American Psychological Association Finally Bans Torture

American Psychological Association Finally Bans Torture August 10, 2015

In very good news, the American Psychological Association has finally banned participation in any kind of torture by its members. This comes after many psychologists helped the CIA develop torture techniques after 9/11, making huge amounts of money in the process.

They call themselves “the dissidents.” Officially, they are the Coalition for an Ethical Psychology. In reality, they’re just six psychologists united by a shared moral outrage at their profession’s involvement in torture.

Last month, these tenacious rebels were vindicated by a damning independent report, which concluded that the American Psychological Association (APA) colluded with the Pentagon to allow psychologists to help U.S. military interrogators employing brutal methods on terrorist suspects.

On Friday morning, amid emotional scenes, the APA’s governing Council of Representatives overwhelmingly backed the dissidents’ proposal to ban psychologists from taking part in national security interrogations…

The coalition came together in the wake of the APA’s Task Force on Psychological Ethics and National Security (PENS), which issued the 2005 report that has thrown psychology into crisis. Arrigo was a member, but quickly came to the view that the task force was a sham.

It came up with no firm rules to prohibit psychologists from being involved in interrogations using the harsh methods — including sleep deprivation, isolation, and painful “stress positions” — that were being used at CIA “black sites” and the U.S. military’s detention camp at Guantánamo.

“I was manipulated into the task force and then lied to with the result that I became complicit,” Arrigo told the APA meeting on Wednesday. “Even though I’m an introvert and would rather be reading poetry, I had to take this moral stand.”

And listen to this dishonest, self-serving defense of torture:

Larry James, formerly chief psychologist at Guantánamo, led the opposition, arguing that the ban would put psychologists employed by the federal government in a “dire” position by putting international law above the U.S. Constitution.

“I think we need to slow down and think very carefully,” he told the council.

Absolute nonsense. Torture is illegal under the Constitution as well. We are not only a signatory of the UN Convention Against Torture, we led the campaign to pass it under Reagan. And the Constitution says that treaties are part of the “supreme law of the land.” James is a rather shameless liar.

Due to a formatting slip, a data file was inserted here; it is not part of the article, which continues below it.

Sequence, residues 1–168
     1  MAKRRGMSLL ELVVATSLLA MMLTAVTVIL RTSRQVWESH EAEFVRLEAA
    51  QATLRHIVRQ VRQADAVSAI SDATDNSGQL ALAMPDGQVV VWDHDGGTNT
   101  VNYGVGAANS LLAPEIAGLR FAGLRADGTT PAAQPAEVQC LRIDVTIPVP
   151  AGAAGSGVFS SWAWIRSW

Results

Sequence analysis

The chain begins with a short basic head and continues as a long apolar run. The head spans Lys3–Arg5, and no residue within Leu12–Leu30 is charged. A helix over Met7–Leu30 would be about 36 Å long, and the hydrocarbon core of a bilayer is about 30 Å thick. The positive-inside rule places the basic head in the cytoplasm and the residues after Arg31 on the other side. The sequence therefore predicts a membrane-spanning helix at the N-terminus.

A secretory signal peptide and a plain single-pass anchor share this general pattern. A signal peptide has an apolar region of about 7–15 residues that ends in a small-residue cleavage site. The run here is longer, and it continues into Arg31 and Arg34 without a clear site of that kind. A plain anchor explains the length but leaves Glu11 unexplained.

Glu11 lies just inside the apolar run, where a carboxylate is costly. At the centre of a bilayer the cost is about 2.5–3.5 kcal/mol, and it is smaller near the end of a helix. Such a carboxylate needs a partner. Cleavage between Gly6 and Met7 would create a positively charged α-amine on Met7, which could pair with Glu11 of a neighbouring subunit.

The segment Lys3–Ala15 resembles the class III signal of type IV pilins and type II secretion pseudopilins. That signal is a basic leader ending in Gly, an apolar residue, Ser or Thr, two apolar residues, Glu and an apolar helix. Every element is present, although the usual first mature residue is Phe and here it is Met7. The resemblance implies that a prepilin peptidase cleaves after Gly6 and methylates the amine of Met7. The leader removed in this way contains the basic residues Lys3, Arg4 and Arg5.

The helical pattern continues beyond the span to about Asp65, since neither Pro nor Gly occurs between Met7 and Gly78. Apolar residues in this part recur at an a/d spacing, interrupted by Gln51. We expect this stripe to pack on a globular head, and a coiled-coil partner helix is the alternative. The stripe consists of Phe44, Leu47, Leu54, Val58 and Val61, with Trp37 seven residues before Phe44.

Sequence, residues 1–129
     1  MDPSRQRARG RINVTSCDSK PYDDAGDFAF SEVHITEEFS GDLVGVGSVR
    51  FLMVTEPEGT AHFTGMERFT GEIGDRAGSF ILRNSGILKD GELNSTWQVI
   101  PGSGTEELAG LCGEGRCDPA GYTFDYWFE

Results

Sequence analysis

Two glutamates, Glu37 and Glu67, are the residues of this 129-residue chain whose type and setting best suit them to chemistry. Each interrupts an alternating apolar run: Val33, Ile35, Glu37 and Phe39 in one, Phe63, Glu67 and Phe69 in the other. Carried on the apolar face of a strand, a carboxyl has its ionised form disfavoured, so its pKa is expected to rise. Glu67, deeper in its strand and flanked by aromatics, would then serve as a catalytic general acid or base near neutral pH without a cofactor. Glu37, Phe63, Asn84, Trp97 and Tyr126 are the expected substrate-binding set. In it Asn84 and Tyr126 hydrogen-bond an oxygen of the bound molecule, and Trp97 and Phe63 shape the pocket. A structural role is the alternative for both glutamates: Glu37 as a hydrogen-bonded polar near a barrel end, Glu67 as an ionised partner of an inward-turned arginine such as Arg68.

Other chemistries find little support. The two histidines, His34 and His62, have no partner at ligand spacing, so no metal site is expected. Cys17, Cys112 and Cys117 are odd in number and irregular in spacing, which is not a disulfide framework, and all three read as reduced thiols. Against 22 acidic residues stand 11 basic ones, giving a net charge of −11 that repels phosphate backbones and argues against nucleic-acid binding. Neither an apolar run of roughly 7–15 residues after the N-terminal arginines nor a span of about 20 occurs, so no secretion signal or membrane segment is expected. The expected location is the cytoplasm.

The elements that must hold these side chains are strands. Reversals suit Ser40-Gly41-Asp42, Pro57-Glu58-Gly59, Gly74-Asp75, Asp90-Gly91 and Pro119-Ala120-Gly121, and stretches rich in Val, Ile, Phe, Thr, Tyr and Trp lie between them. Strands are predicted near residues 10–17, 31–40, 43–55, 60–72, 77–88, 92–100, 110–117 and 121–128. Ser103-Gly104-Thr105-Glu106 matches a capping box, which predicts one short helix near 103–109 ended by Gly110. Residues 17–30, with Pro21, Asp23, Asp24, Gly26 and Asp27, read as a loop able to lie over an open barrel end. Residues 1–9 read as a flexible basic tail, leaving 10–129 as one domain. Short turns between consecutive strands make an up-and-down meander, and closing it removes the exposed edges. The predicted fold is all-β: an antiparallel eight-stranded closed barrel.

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  • Jason The Cripple

    Isn’t torture also banned by the 8th amendment? You know, the whole cruel and unusual punishment thing.

    • cassandraoftroy

      I think the argument that has been used in the past to get around that is that so-called “enhanced interrogation” isn’t punishment because it’s not being used as a sentence for a convicted criminal, but rather as a means of extracting information. I’m not sure how much I buy that argument, but since torture is still illegal as a result of other laws, it’s an academic question.

      • unbound55

        Justice Scalia is the one that pushed that interpretation back in 2008. Yes, the same justice that went into childish hysterics over the Obergefell decision.

        It’s sad that we have conservative politicians sitting on the Supreme Court.

        • sugarfrosted

          Conservative politically, not judicially. Judicially he’s not conservative, he’s quite radical.

  • David_C_Brayton

    It took ten years to achieve something that really was a no-brainer. Just think how long it would take them to adopt the Hippocratic oath. Hell, it would take them half a century to figure that Right Twix is better.

    • Artor

      I didn’t scroll down before I made my post. It’s a little creepy that we seem to have the same thought process. You should probably have that looked into.

  • eric

    the ban would put psychologists employed by the federal government in a “dire” position by putting international law above the U.S. Constitution.

    His argument is bogus because adopted treaties are constitutionally part of US law. But even if that wasn’t true, the APA is a private organization and can set whatever standards it wants. They could use the laws of Zimbabwe or the book All I Really Need To Know I Learned In Kindergarten if they really wanted to.

  • Sophia Sadek

    Someone has not slowed down and is not thinking very carefully.

  • Artor

    Great! It only took the APA… 10 years since that bogus report came out to come to this decision? A decision that should have been a no-brainer from the start?
    While this is indeed good news, I have a hard time seeing it as the very good news Ed describes.

  • Ron Ruggieri

    All the names of the American psychologists and psychiatrists involved in CIA torture should be published on line for the whole world to read. Then these ” professionals ” should be sent for judgment before the World Court.
    American psychology and psychiatry have been completely corrupted by mindless devotion to the capitalist-imperialist social order.
    Publish every single name . We do have our very own Eichmanns ,don’t we ?
    [ ]

  • AliKat

    I was surprised that they hadn’t banned it sooner. The research on torture suggests that it is not useful for getting useful information-people say anything as in they make up crap. For psychologists working with the military there is a more effective method to use. That would be culturally sensitive/empathetic sort of strategy to lure the prisoners of war into trusting them.